We’ve enjoyed (or endured) countless discussions about which church teachings are “doctrines” and which are merely “policies”. Here’s my two cents: “policy” and “doctrine” aren’t opposites — they’re not even on the same axis. Doctrines are beliefs that are taught (in fact, the word “doctrine” comes from the Latin for “teachings”, suggesting that any belief taught in the church is, at some level, doctrine). Policies are organizational practices.
Some doctrines are policies, some policies are doctrines, some are both, and some are neither. Determining that a particular teaching is policy doesn’t necessarily mean that it’s not also a doctrine.
- Both Doctrine and Policy: Baptism by authority. It is both taught and practiced.
- Neither Doctrine nor Policy: Raisin Bran is the best cereal ever!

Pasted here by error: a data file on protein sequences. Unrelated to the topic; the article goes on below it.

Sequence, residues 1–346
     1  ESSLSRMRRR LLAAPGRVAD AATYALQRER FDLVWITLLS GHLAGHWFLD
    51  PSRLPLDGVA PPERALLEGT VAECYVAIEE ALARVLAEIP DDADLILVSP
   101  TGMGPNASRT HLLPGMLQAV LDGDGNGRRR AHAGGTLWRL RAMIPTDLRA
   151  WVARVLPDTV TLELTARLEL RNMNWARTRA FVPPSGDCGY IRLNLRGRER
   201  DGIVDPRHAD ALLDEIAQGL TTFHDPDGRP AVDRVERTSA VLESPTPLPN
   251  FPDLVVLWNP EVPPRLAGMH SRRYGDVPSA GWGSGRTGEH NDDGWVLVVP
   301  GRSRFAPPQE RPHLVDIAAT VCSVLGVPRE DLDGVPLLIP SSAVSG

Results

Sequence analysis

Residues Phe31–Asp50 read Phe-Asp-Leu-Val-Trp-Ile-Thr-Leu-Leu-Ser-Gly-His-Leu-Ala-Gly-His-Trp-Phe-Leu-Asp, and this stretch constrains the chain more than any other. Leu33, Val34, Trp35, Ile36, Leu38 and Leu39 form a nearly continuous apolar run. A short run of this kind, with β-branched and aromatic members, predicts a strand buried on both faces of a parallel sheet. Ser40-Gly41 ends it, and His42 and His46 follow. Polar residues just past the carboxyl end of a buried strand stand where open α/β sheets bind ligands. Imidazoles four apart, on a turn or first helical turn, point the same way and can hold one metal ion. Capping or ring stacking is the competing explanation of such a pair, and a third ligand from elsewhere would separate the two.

- Doctrine but not Policy: The 10th Article of Faith. It is taught and believed in the church, but we have no organizational practices associated with the teachings contained in it.
- Policy but not Doctrine: …hmm…now that I think about it, perhaps every policy is necessarily a doctrine. After all, if it’s not taught, how can it be practiced?
So the next time someone tells you that the priesthood ban or polygamy or some other controversial historical topic was “just policy”, don’t accept that as justification for ending discussion on the topic. Perhaps it was “just policy”, but that doesn’t mean it wasn’t also doctrine.